And then I attended back-to-back conferences that made me realize this isn't just a question that I am asking.  And it has become important to find an answer to this question rather than simply speculate about what might be holding others back from pursuing leadership.  What changed and gave me a greater sense of urgency around this question?  First, I sat in a session at the Annual CUE Conference that was led by Amy Fadeji.  In that session, she commented that no one wants our jobs (meaning school leaders).  That was my first "a ha!" that my experiences weren't isolated.  A week and a half later, I was at the annual NCEA conference where there were a number of sessions over the three days focused on identifying and nurturing the next generation of leaders for our schools.  I went to most of those sessions and they were all packed.  Wow!  This is definitely a shared problem, not just a question in passing.  That was when it really hit me: if we don't make our jobs accessible, there won't be great people stepping up to take over as the current guard retires. Call me selfish, but while I am a ways away from retirement, I work with others who are much closer to retirement.  I want to be sure there are amazing people ready to step up and share the leadership role with me for years to come.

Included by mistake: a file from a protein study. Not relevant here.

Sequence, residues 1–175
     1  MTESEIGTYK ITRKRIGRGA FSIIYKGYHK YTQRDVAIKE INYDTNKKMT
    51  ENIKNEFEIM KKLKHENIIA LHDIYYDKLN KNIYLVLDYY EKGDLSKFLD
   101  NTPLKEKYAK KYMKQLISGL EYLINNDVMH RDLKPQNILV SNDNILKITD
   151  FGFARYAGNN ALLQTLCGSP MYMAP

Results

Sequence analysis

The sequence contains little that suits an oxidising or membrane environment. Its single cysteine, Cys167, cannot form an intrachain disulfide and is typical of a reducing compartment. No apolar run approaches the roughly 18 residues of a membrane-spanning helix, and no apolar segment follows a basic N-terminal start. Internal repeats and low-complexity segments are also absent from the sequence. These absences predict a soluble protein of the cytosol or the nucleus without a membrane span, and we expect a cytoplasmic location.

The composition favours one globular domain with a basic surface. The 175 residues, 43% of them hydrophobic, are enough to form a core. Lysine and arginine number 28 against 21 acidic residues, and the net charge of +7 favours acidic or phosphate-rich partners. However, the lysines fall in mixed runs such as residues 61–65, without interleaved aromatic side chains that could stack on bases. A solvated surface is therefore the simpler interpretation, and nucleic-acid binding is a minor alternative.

The process of cultivating a new generation of leadership is not a simple one and it does not have a "one size fits all" solution.   What may work for me and my community won't necessarily work for your community. I could spend time obsessing over factors like the growing teacher shortage, the pay, the lack of practical formation and ongoing professional development, lamenting that I will neve rbe able to mentor anyone into leadership.  But I don't find that a worthy endeavor as the factors are out of my control.  So I choose to focus on what I CAN do:

  • share the #eduwins that happen in my office with the faculty
  • be a positive presence on campus rather than moping about, complaining about how busy I am-ummm, have you seen how busy your rock star teachers are these days?? 
  • invite members of the staff to take on small leadership tasks and then celebrate their successes
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  • make sure people know I am having fun and truly enjoy what I am doing (because 99% of the time I really DO!)
  • share my thinking with others who are curious--the more transparent I can be with my thought process, the more people who are being mentored and they don't even know it (sneaky!!)